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The ''Today Show'''s future

Matt Lauer may inherit Bryant Gumbel’s chair

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Tune in to the Today show these days, and you’ll hear a lot of chitchat about Katie Couric’s baby, Willard Scott’s semiretirement, and other aspects of the cast’s lives. But the only person they won’t talk about is the one person everyone wants to talk about: Bryant Gumbel. In January, the 47-year-old Gumbel announced that 1996, his 15th year as coanchor of the top-rated morning program, would be his last, thus creating a vacancy for one of the most coveted news spots in network television.

By all accounts, the leading candidate to fill Gumbel’s loafers is Matt Lauer, 38, a Today contributor since 1993 who’s often subbed for Gumbel. ”He’s the heir apparent,” says Jacoba Atlas, a former senior producer at Today. ”He’s smart and easy to take. That counts early in the morning.” More important, Lauer is already entrenched. ”Possession is nine tenths of the law,” says Steve Friedman, a former executive producer of Today and current president and CEO of Savoy Pictures Programming. ”He has the inside track.”

The question then is, if all signs point to Lauer, why hasn’t NBC publicly anointed him? Officially, the network has no comment. Some observers point out, not too persuasively, that NBC News president Andy Lack has more urgent concerns — specifically, the start-up of NBC and Microsoft’s new 24-hour news channel and the launch of a Sunday edition of Dateline to compete against 60 Minutes. ”Do you think Today is the first thing on [Lack’s] mind?” asks Friedman.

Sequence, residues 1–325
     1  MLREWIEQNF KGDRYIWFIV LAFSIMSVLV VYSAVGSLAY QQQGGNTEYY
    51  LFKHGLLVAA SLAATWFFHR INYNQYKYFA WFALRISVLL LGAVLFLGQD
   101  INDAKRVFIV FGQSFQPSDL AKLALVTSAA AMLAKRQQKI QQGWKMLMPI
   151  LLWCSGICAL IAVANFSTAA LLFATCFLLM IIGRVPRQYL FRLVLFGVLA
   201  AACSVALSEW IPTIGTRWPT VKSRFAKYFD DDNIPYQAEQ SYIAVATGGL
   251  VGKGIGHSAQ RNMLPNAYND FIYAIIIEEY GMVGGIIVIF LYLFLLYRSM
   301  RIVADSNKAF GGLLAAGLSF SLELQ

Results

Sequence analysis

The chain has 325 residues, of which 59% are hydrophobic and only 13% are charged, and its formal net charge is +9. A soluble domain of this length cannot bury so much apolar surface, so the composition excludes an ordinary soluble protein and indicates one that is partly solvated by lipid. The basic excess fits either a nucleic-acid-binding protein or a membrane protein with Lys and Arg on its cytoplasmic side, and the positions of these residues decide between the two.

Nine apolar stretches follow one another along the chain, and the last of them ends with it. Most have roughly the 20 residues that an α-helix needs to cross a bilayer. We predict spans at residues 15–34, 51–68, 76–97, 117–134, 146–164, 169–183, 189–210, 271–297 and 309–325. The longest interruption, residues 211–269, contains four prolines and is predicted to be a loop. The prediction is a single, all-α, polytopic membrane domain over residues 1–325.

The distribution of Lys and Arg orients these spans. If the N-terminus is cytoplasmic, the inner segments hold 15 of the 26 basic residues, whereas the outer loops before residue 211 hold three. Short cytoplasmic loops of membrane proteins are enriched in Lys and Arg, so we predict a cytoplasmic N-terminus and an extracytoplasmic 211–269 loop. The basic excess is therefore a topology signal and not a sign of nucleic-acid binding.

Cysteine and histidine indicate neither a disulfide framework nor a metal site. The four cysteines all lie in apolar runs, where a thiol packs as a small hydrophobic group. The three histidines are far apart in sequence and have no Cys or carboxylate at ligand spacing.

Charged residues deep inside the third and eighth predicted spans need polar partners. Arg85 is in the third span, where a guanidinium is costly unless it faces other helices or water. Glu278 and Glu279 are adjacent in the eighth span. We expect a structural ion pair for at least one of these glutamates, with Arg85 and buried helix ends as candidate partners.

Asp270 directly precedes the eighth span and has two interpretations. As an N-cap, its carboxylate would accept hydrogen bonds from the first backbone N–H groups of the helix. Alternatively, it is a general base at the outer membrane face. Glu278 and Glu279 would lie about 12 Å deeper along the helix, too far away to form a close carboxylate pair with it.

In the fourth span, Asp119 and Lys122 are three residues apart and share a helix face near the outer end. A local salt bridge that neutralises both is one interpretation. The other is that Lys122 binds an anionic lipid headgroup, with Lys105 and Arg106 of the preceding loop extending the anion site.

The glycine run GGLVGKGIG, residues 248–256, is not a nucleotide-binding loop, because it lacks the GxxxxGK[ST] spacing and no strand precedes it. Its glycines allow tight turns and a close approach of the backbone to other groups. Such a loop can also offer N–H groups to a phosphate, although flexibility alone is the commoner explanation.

A more compelling theory: NBC does not want to risk alienating Gumbel, who is still considered a valuable talent at the network. (Gumbel hasn’t disclosed his plans.) As one insider puts it: ”Let him have his lap around the track.” Similarly, sources say Lauer doesn’t want to plug himself out of respect for his close friend Gumbel. However, Lauer did turn down a job as anchor for the new entertainment newsmagazine Access Hollywood (coproduced by NBC) to keep himself open for the Today position.

Most intriguing is the possibility that NBC hasn’t settled on Lauer. ”Matt may be hampered by being so much like Katie,” says Eric Braun, a research consultant to the networks. ”They have the same kind of energy and demeanor. You need to balance someone [like Couric] with someone like Bryant, who’s cynical and acerbic.” Perhaps, though none of the others who would be Bryant — including Dateline‘s Stone Phillips and NBC News White House correspondent Brian Williams — fit the Gumbel mold either. Still, Phillips is too hot a commodity not to be considered a contender, and Williams may be on the Tom Brokaw track, leading from Today to the network news anchor spot.

Then there’s the outside chance that Gumbel may not abandon his morning domain after all. ”I’m not 100 percent convinced he’s leaving,” says Friedman. ”TV is strange. It’s a long time till January.” Joel Tator, executive producer of the independent KTLA Morning News, agrees: ”There’s a school of thought that says [Gumbel] will re-sign for a lot of money. That wouldn’t surprise me.”

Of course, NBC may simply be biding its time in order to turn the transition into a public relations opportunity. After all, there are those who say it doesn’t matter who replaces Gumbel. ”Today is in its 44th year,” says Tator. ”It’s now at the point where it’s anchor-proof.” Hmmm. Anyone remember Deborah Norville?

With reporting by Jennifer Pendleton